What is the Difference between Lenders, Brokers, and Loan Officers?
Q: What is the difference between a lender
and a mortgage broker?
What is the difference between a retail
lender and a wholesale lender?
What is a 'direct' lender?
What is the difference between a mortgage
broker and a loan officer?
What is a portfolio lender?
A: The lender is the one who provides the money to the borrower at the closing table. In
exchange, the lender receives a note evidencing the borrower's debt and obligation to repay, plus
a lien on the subject property.
Mortgage brokers do not lend. They are independent contractors who offer the loan products of
multiple lenders, called wholesalers.
A broker finds potential customers and counsels them on the loans available from different
lenders. They also counsel on any problems involved in qualifying for a loan, including credit
problems, take the borrower's application, and usually process the loan. Processing includes
compiling the file of information about the transaction, including the credit report, appraisal,
verification of employment and assets, and so on. When the file is complete, it is handed off to
the lender, who funds the loan.
Lenders who perform all the loan origination functions themselves are called "retail lenders".
Lenders who have certain functions performed for them by mortgage brokers are called
"wholesale lenders". Many large lenders have both retail and wholesale divisions. The division of
functions is shown below.
Retail Lender Wholesale Lender Mortgage Broker
Find & Counsel Customers x x
Take Application x x
Lock Loan Terms x x
Process Loan x x
Underwrite Loan x x
Close & Fund Loan x x
The term "direct lender" is one that small lenders sometimes use to distinguish themselves from
Loan officers are employees of lenders or mortgage brokers. Loan officers find, sell and counsel
customers, and take applications. Loan officers employed by mortgage brokers may also be
involved in loan processing. In the case of a one-person mortgage broker firm, that person is both
the broker and the loan officer.
While loan officers are employees, they act more like independent contractors. They are
compensated largely, if not entirely, on a commission basis. The typical commission rate is 1/2 of
1% of the loan amount, and successful loan officers earn 6 figure incomes.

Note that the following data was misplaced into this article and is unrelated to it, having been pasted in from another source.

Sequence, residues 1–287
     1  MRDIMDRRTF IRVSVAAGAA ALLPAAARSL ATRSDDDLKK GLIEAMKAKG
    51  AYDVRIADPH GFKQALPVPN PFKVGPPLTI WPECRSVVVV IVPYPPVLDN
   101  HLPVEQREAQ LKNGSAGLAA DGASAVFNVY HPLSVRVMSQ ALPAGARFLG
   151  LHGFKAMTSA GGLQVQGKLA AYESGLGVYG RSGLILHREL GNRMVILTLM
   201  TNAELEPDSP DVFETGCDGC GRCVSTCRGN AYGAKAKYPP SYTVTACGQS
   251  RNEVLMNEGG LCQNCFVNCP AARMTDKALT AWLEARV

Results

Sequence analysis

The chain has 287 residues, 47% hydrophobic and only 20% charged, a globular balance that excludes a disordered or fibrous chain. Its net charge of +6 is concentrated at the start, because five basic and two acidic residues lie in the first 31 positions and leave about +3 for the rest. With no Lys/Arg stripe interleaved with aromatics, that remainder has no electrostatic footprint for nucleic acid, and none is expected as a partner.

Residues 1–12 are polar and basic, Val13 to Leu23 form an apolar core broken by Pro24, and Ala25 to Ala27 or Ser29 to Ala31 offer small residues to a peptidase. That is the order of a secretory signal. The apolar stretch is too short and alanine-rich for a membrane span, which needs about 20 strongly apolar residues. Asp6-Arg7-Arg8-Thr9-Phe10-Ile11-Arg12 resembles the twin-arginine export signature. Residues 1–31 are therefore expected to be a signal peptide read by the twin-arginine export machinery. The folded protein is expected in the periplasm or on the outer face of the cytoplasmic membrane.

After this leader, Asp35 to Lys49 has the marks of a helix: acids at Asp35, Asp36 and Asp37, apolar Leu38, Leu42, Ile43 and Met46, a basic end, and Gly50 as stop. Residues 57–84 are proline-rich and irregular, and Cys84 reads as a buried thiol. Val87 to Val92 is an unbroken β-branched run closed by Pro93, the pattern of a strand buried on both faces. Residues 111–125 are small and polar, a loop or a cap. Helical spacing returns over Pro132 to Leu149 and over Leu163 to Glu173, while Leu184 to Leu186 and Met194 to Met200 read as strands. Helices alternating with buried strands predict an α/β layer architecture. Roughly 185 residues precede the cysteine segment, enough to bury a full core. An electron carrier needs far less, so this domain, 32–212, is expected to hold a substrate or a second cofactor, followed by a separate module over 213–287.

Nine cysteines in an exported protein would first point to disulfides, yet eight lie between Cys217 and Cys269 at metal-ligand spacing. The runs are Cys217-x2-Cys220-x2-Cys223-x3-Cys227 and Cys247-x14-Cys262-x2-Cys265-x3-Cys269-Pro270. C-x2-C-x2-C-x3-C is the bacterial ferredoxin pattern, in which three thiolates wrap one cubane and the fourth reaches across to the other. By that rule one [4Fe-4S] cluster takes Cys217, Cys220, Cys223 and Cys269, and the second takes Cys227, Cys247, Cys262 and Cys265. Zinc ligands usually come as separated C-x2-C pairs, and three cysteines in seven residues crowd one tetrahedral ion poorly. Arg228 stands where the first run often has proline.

Both lenders and mortgage brokers post prices with loan officers to be offered to consumers. The
loan officers usually have limited discretion to reduce the price if necessary to meet competition,
and full discretion to raise the price if they can. The difference between the posted price and the
price charged the consumer is called an "overage", and it is usually shared with the loan officer.
Reasonably astute shoppers will probably do better dealing with a mortgage broker than with a
lender. Because mortgage brokers deal with multiple lenders, they can shop for the best terms
available on any given day. In addition, they can find the lenders who specialize in various market
niches that many other lenders avoid, such as loans to applicants with poor credit ratings. On the
other hand, the risk of encountering a rogue who will trick you into paying more than you should is
higher among mortgage brokers than among lenders.
Borrowers can guard against rogue brokers by selecting an Upfront Mortgage Broker (UMBs).
Conventional mortgage brokers add a markup to the wholesale prices of lenders to quote an all-in
price to consumers. UMBs in contrast charge a specified fee for their services, and pass through
the wholesale prices to the consumer. There is little risk of chicanery in dealing with UMBs.
Lenders are further distinguished as "mortgage bankers" or "portfolio lenders." Mortgage bankers
sell all the loans they make in the secondary market because they don't have the long-term
funding sources necessary to hold mortgages permanently. They fund loans by borrowing from
banks or by selling short-term notes, repaying when the loans are sold.
Mortgage banks now dominate the US market. Of the 10 largest lenders last year, 9 were
mortgage banks and only one was a portfolio lender. However, many of the large mortgage
banks, such as Chase Manhattan Mortgage and Wells Fargo Mortgage, are affiliated with large
Portfolio lenders include commercial banks, savings banks, savings and loan associations, and
credit unions. They are sometimes referred to as "depository institutions" because they offer
deposit accounts to the public. Deposits provide a relatively stable funding source that allows
these institutions to hold loans permanently in their portfolios. Washington Mutual, a savings
bank, is the only depository on the list of the 10 largest mortgage lenders.
Mortgage banks often offer better terms on fixed-rate mortgages than portfolio lenders, while the
reverse is more likely for adjustable rate mortgages. It would be a mistake to place too much
reliance on this rule, however, because the variability within each group is very wide.
Jack Guttentag is Professor of Finance Emeritus at the Wharton School of the University of
Pennsylvania. Visit the Mortgage Professor's web site for more answers to commonly asked